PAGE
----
When the Police charge a young person with a crime, the young person (and their parent/carer) must appear before a court. The Judge or Magistrates listen to the evidence and witnesses, and then decide whether the young person is guilty. They might then ask for reports to help them understand the young person's behaviour, before deciding on a sentence.
This process usually takes about two-six weeks but for serious cases it can be up to a year before the case is completed. Sometimes the court is worried about the young person's behaviour during that time, for example that they might get into trouble again or hurt someone, or they might forget to attend their next hearing. Because of this courts can make special Bail and Remand Orders even if the young person hasn't been found guilty yet.
When young people are appearing at court, their case sometimes has to be postponed to a later date. They are usually bailed to return on that date, but if the court is concerned about how they will behave then there are other options, including being remanded to Local Authority accommodation. This means that they become "Looked After" by social workers who must make arrangements for them to live in a safe place until the next court date. It does not always mean they will have to leave their family because the social workers and the Youth Justice Service will always try to support them at home first.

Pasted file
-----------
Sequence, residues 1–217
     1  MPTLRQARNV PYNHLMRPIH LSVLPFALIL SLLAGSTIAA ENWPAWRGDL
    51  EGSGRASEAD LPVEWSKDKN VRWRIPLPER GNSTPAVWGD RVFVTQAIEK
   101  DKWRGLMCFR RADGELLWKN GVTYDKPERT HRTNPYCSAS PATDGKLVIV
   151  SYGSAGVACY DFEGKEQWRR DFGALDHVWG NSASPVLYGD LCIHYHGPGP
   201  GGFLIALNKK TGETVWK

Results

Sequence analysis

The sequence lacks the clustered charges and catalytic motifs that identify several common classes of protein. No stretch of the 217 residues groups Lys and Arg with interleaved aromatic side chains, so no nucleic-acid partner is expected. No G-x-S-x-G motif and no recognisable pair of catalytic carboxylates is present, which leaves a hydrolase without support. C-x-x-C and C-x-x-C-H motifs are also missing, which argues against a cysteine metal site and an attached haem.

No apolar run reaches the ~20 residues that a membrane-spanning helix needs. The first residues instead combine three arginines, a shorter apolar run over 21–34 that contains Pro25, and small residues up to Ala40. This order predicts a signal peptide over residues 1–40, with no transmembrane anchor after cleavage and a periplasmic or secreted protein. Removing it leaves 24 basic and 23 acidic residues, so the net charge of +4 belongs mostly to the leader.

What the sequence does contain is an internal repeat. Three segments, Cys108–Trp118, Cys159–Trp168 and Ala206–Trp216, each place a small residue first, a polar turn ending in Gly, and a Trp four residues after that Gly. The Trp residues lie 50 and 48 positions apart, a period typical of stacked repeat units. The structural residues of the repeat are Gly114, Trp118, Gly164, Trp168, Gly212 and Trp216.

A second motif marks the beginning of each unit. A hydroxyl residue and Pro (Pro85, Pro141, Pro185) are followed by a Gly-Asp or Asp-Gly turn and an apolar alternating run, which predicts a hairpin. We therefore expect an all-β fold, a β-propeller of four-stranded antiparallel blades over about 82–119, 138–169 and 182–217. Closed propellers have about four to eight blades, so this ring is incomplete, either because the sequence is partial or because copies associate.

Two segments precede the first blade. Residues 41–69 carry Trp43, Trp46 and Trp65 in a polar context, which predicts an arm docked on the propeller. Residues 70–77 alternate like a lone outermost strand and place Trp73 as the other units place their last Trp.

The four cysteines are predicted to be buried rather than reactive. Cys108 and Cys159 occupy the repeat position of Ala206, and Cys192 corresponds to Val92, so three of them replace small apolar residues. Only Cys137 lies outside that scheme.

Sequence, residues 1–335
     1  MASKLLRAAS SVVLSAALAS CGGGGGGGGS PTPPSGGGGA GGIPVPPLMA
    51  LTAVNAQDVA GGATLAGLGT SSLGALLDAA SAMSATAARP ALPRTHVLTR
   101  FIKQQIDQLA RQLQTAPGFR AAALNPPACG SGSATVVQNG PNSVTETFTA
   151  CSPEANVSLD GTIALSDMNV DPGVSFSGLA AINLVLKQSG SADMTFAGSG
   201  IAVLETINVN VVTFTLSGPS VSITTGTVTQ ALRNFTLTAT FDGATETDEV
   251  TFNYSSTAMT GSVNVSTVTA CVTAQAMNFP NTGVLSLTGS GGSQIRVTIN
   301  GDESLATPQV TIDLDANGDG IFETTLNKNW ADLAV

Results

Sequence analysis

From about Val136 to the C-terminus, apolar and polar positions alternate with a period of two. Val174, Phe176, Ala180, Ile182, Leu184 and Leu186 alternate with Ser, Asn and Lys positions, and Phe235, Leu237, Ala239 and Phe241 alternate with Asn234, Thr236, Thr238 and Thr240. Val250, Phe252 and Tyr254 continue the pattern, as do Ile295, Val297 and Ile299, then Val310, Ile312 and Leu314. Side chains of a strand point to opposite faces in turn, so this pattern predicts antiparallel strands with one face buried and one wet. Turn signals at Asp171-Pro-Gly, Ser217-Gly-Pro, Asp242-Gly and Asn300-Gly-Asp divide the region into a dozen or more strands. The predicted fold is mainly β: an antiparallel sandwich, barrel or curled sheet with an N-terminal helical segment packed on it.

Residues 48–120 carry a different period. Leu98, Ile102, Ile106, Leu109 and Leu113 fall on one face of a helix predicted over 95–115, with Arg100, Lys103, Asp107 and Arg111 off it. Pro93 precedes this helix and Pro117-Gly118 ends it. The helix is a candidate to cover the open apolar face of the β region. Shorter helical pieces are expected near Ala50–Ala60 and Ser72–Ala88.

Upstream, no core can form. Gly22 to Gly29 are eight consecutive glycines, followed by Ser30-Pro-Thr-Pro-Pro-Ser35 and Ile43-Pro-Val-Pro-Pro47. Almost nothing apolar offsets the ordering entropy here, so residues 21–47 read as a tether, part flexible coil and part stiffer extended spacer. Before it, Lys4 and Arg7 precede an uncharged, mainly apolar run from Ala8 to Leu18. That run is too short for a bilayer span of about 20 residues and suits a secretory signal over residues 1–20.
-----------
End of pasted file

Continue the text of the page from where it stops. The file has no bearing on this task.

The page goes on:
If the court thinks that the young person is a danger to themselves or to other people, or that they're going to commit more crimes, then they can order the young person to be remanded to either to a Young Offender's Institute (YOI) or to a Local Authority Secure Children's Home (LASCH). This can mean being locked up a long way from home in a strange environment and it is the last resort for any young person.
Before any young person is remanded, they will always have been interviewed and assessed by a Youth Justice Service officer who will usually talk to their family too. The Youth Justice Service tries to avoid young people being locked up, but sometimes it is necessary. In those cases officers work hard to support the young person. Staff will talk to the secure establishment about the young person's welfare and needs and make sure that their families are helped to stay in touch. They will sometimes help the young person's solicitor to appeal the remand (asking a more senior judge to overturn it).